If you’re looking for information on how to stretch suede shoes, there are ways to do it at home with a couple of easy DIY techniques.
Are you feeling some discomfort at the heel of your new suede loafers? Perhaps those impulse-buy ankle boots immediately felt tight in the toe when you tried them on at home.
The good news is that you can stretch out your suede shoes at home with these methods:
- Stretch spray.
- Thick sock technique.
- Rubbing alcohol spray.
- Freezer trick.
- Hairdryer hack.
- Shoe stretchers.
But first, a bit of background info on the stretching of suede…
Do Suede Shoes Stretch?
If your new shoes are a bit too tight, we’ve got some good news: leather shoes do have a bit of give.
Suede, in particular, has one of the best natural stretches, so you can probably add up to a half size. Still, the maximum stretch is limited, and you shouldn’t buy shoes that are a size or more too tight.
You have to be extra careful not to damage the suede when stretching the shoes. If you go too heavy on the shoe stretching process at home, you can risk deforming the shoes and not being able to return them. In the worst case, the pair might lose its shape but still won’t be stretched enough to wear with comfort.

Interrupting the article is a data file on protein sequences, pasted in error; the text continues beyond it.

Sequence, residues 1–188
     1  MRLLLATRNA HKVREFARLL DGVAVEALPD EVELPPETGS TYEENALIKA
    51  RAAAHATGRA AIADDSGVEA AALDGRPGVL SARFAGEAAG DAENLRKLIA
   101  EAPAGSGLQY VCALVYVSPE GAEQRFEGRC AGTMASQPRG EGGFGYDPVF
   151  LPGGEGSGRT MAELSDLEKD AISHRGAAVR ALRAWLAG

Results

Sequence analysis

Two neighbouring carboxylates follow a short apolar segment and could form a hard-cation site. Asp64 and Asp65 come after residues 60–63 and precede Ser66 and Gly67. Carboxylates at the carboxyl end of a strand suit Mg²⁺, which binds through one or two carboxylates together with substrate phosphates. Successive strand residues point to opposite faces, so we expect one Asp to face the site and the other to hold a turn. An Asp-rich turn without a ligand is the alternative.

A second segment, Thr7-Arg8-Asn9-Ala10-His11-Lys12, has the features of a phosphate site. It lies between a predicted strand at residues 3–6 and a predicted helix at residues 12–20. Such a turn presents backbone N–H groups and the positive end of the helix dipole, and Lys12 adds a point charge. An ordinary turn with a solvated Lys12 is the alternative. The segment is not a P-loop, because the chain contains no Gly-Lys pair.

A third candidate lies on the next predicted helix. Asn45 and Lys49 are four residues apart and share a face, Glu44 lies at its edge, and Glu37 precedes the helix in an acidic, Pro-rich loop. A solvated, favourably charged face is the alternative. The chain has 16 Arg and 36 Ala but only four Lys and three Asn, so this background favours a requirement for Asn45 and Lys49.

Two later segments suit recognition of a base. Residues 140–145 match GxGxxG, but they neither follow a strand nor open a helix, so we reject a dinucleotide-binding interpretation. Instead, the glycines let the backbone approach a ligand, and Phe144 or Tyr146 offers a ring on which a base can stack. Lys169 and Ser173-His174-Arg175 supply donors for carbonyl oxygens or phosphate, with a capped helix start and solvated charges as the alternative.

Before you start the stretch, pay attention to whether they have a thick lining. Suede shoes that have a synthetic lining won’t have as much give as a single-layer leather.
Stitching can also either make the shoe sturdier and more difficult to stretch shoe. If the suede is thin, stitching can make it more vulnerable to breaking. Make sure you don’t force it too much, or the stitching might break.
How Can I Stretch Suede Shoes at Home?
It’s never good to buy small shoes. Still, sometimes you might notice your new footwear is too tight, especially if you’ve bought them online. In these cases, you can try to softly stretch your suede shoes at home, DIY style.
Here are some of the easiest tricks for how to stretch suede shoes at home:
1. Stretch Spray
Stretch spray is specially made to ease the process of how to stretch suede shoes at home.
You simply spray some on the shoe and follow the instructions. Usually, this means you need to wear the shoe at home for a couple of hours or use a stretcher.
Just make sure you read the specific instructions for the spray carefully. Some sprays can be used for many types of leather but not suede, and some are meant to be used only on the inside of the shoe.
2. Thick Sock Technique
The sock trick is a classic and works really well with suede shoes.